It started with the first iPhone’s entry into our lives, and since then the trend has been too clear: each year, we [as in I, mostly] spend a significant portion of our disposable income on Apple gadgets. So much so it would be more efficient if Apple could start some sort of a salary sacrifice subscription fund and get it over with.
Given recent product announcements from the House of Apple, I thought I’d list this year’s Apple gadgets expected spending. You know, so that when my predictions turn out to be all wrong you’d be able to quote me and demonstrate just how stupidly short sighted I was. So here goes:
- Apple Watch? Not on my watch. First, it doesn’t satisfy any of my needs. Second, battery life. In other words, in order for me to abandon my current "strap and forget" wristwatch, Apple needs to offer me some functionality I can’t live without. So far it doesn’t.
- Retina MacBook Air: My biggest disappointment following this week's announcements was the lack of mentioning of a Retina Mac Air model despite persistent rumours of a 12” model utilising Intel’s new fan-less Broadwell CPUs. As much as I love my current MacAir, it is getting a bit too old. Old enough to merit a replacement? Maybe in a year’s time.
- iPhone 6 Plus: I won’t be around the bush here, I’d love to have this huge tool in my pocket. Even if the 64GB version I’d go for sells for $1150 – the price of a MacBook. However, my current two year old iPhone 5 is still very much alive and kicking; as long as that is the case, I cannot justify such a spending. Barring an unforeseen breakdown, which is not too unlikely for a smartphone past its second birthday, I expect to be putting my hands on next year’s 6 Plus S instead.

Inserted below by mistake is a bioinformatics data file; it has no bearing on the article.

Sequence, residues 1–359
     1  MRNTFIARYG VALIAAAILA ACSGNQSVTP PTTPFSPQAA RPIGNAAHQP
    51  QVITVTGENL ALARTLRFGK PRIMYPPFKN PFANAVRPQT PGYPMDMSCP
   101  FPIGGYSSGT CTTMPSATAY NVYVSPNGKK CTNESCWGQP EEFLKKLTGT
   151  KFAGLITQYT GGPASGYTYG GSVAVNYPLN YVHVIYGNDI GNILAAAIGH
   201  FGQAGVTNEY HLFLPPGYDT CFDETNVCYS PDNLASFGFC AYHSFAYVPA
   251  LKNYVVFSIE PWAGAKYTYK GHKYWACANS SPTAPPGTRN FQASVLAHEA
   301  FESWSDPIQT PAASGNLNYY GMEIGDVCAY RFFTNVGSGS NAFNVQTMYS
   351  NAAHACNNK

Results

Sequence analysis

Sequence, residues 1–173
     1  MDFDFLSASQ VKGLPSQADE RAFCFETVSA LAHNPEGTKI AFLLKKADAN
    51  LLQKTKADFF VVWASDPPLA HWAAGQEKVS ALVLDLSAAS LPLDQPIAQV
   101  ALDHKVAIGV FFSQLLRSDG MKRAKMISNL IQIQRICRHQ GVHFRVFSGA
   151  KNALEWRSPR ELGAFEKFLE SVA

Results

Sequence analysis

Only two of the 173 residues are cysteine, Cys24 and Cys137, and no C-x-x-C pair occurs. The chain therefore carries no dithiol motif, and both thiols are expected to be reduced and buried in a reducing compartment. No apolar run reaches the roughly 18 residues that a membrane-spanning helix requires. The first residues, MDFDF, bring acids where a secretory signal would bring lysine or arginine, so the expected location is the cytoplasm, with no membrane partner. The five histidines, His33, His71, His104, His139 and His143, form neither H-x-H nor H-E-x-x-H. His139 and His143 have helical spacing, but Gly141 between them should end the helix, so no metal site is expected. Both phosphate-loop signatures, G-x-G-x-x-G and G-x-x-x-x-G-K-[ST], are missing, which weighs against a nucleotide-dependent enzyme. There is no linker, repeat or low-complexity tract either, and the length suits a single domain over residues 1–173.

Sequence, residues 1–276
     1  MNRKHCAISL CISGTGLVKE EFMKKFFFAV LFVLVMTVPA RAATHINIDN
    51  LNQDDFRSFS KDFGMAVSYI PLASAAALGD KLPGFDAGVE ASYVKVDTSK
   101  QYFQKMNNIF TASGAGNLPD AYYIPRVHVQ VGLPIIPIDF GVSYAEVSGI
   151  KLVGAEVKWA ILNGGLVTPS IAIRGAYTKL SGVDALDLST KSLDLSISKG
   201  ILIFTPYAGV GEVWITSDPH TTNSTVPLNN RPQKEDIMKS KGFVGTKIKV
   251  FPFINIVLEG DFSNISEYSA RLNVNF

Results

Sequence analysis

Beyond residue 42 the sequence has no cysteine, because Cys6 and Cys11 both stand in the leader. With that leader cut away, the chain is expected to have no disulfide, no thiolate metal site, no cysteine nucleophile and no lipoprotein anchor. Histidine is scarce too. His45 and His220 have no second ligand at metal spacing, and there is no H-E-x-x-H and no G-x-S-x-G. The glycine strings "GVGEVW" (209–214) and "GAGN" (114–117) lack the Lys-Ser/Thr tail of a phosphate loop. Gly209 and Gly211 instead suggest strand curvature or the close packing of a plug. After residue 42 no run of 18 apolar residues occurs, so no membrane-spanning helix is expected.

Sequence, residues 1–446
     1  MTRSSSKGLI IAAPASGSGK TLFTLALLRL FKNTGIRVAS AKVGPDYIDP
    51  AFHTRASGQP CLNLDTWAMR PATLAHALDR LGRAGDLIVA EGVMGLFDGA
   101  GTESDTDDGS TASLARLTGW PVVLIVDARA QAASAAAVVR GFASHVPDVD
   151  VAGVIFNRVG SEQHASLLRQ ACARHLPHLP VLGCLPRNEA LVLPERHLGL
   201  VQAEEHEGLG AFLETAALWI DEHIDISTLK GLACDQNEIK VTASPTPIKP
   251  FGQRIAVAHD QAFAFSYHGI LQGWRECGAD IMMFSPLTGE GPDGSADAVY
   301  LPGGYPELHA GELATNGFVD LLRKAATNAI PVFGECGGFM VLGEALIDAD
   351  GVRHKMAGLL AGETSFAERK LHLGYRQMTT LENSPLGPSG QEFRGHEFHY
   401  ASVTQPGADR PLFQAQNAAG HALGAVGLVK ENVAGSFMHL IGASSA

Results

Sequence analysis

- iPad: No, I am not about to replace my iPad Mini Retina, which has been doing an awesome job at turning my whole life paperless (what a great working tool it is!). However, it's not too unlikely our now old iPad 3 will need replacement within this year. Plus the only member of our household without an iPad is starting to feel like she’s missing out on something.
That’s 4 no-s for you. History tells me to expect a 50% accuracy rate with that prediction.
Image by Anthony Agius, Creative Commons (CC BY-NC-ND 2.0) licence